by STIRworldMar 13, 2021
In a milestone exhibition, artist Zarina Bhimji brings together over 30 years of artistic inquiry under one roof. Zarina Bhimji: Black Pocket brings together film, installation and photography in a solo presentation at Sharjah Art Foundation (SAF). In an exclusive chat with STIR, Bhimji talks about her practice so far and its various influences.
Curated by Hoor Al Qasimi, Director of SAF, the showcase occupies three gallery spaces, comprising a distilled perspective of the artist’s repertoire. In a reflection of her journey so far, Bhimji says, “I was surprised to realise that I have used so many materials over my career. But I saw that I have always been interested in materials: photography, film, embroidery, textile, glass, and sound. Space has always been important, too. I am interested in architecture, light, shapes, objects: all of these things, in the end, are part of space. Whatever I have wanted to express, I have wanted to find the material that can express it: glass, embroidery, photography etc. I have also been reflecting on my role as an artist. Why is it important? In terms of speaking and creating, I feel I shouldn’t be confined by institutional expectations. Artists ask questions and bring a different type of knowledge, a knowledge embodied in production”.
Bhimji’s practice is concerned with politics of power and structures of authority and how they have influenced social interactions across the globe over the years, a narrative she merges with her own lived experiences. “My mother was illiterate and partially blind. Being close to her, I learned how she made sense of the world around her. There is a film by a director named Samira Makhmalbaf, called Blackboards, about Kurdish teachers roaming the mountains on the Iran / Iraq border. This film made me think about my mother's illiteracy and about my own education. In Africa, schooling wasn’t free but when I came to the UK, education was free and I made the most of it. This gave me the freedom to be an artist and choose what I wanted to do. For example, I saw that I didn’t have to get married, have children, and be a housewife," she says.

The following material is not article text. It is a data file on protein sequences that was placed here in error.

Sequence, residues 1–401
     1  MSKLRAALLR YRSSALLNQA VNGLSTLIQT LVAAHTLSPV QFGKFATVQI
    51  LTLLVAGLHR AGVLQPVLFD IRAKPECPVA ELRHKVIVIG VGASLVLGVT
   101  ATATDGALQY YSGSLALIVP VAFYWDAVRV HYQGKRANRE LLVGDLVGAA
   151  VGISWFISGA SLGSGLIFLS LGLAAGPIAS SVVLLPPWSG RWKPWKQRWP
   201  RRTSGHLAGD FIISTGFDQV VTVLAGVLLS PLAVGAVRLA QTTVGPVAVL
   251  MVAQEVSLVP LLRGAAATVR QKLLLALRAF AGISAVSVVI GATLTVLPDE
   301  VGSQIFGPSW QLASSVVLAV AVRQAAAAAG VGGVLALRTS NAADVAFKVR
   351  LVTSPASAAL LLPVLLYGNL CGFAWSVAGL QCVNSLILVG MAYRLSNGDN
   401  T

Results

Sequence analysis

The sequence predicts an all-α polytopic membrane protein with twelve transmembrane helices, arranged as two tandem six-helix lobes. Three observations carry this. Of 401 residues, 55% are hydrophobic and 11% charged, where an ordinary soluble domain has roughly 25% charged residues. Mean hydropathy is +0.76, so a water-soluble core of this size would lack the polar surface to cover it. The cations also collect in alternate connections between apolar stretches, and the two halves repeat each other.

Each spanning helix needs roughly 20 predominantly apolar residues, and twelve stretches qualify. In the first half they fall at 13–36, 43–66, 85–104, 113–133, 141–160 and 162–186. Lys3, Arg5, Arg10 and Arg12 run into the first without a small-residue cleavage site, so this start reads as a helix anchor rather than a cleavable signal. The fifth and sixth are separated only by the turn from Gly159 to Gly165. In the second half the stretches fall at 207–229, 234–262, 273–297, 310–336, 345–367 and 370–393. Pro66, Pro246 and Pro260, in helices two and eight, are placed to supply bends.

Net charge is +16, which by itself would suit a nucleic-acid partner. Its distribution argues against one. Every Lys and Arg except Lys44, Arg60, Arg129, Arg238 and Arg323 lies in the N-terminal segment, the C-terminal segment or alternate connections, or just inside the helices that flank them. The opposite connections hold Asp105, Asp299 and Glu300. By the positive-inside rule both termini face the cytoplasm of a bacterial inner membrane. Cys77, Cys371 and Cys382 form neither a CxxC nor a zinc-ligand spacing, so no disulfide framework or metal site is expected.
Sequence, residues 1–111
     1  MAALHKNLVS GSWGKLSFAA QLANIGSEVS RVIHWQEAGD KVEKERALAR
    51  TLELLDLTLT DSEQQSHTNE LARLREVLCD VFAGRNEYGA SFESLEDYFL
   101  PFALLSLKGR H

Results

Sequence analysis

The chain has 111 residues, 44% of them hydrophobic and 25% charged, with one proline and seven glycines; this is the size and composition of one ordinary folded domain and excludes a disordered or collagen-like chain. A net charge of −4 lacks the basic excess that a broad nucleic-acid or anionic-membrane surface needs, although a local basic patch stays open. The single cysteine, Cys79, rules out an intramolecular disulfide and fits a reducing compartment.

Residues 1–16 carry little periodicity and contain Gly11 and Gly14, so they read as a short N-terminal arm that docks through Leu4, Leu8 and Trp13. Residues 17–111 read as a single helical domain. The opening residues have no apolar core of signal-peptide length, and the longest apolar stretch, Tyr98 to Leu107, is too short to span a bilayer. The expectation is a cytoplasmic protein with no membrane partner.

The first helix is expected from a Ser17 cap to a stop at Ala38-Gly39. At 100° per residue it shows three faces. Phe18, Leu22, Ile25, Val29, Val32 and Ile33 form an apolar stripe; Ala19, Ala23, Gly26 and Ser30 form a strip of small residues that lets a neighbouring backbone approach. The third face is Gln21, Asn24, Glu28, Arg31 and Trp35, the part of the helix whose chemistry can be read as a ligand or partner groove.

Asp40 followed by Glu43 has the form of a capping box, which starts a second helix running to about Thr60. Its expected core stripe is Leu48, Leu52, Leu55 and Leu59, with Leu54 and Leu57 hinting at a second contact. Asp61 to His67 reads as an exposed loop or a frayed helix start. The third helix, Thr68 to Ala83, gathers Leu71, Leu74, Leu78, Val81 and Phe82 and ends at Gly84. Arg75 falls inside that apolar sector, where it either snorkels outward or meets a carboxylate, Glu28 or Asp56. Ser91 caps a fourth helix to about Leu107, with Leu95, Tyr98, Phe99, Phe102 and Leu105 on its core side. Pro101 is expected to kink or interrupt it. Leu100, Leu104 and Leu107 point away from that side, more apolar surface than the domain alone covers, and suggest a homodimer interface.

Having grown up at various points across the globe, the artist discusses diaspora and identity and the role it played in her childhood. She says, “I was born in Africa to Indian parents: British India and British Africa. That must have influenced me. At the same time, I had other connections: to the smells, sounds, landscapes, languages, religion, colour.
In Leicester, we were a new wave of immigrants. This was the time of Enoch Powell’s ‘Rivers of Blood’ speech and National Front marches. In my classroom, I had girls who were Muslim, Hindu and Sikh but they were all from the subcontinent. There were very few people from Uganda. There was a tension about what a girl should be. I was aware of expectations about what a girl should be from very early on and I decided that my way out of that would be through education. I chose art because I didn’t learn to read and write in English until I was 11. I spoke other languages: Swahili and Ankola, Hindi, Gujarati, Kutchi, but I didn’t learn to read and write those languages.
The girls I hung around with thought they should be Indian film models and I learned the gestures and the dances. There was a tension about high expectations of life - studying sociology helped me understand this. Because we were new immigrants, we were still working out what it meant to be in this new world. That probably gave me a way ahead - everyone was grappling with that.
I remember that in the Girl Guides, I had to clean the toilets because I didn’t come from a wealthy family and I thought: you wait, I am not going to be a toilet cleaner forever. I didn’t enjoy swearing to the Queen. I didn’t know who the Queen was and what she might want from me. I took my responsibility seriously. I didn’t want to do it unless I could keep my word. The importance I give to truth must have developed early on. That’s what I do in my work: working and understanding different sides. In my film, I make sure that I don’t give anybody a privileged position, which means I have to embody these characters. What does the toilet cleaner feel like? Is it shame? What does the man who directs a company feel like? I want to understand those possibilities”.
Bhimji’s installation works build an immersive space for the viewer to soak in her world of experiences. The exhibition stitches together cultural research and collective histories while weaving together personal enquiry and experience. Her work reads as a history museum as viewed through a personal eye, a microcosm in the larger narrative of female diaspora from the Indian subcontinent. The artist has recently received the Simthsonian Artist Research Fellowship (2020-2021).
Zarina Bhimji: Black Pocket was opened to the public on October 2, 2020, and is on display until April 10, 2021, at Galleries 4, 5 and 6 at Al Mureijah Art Spaces at the Sharjah Art Foundation in Sharjah, UAE.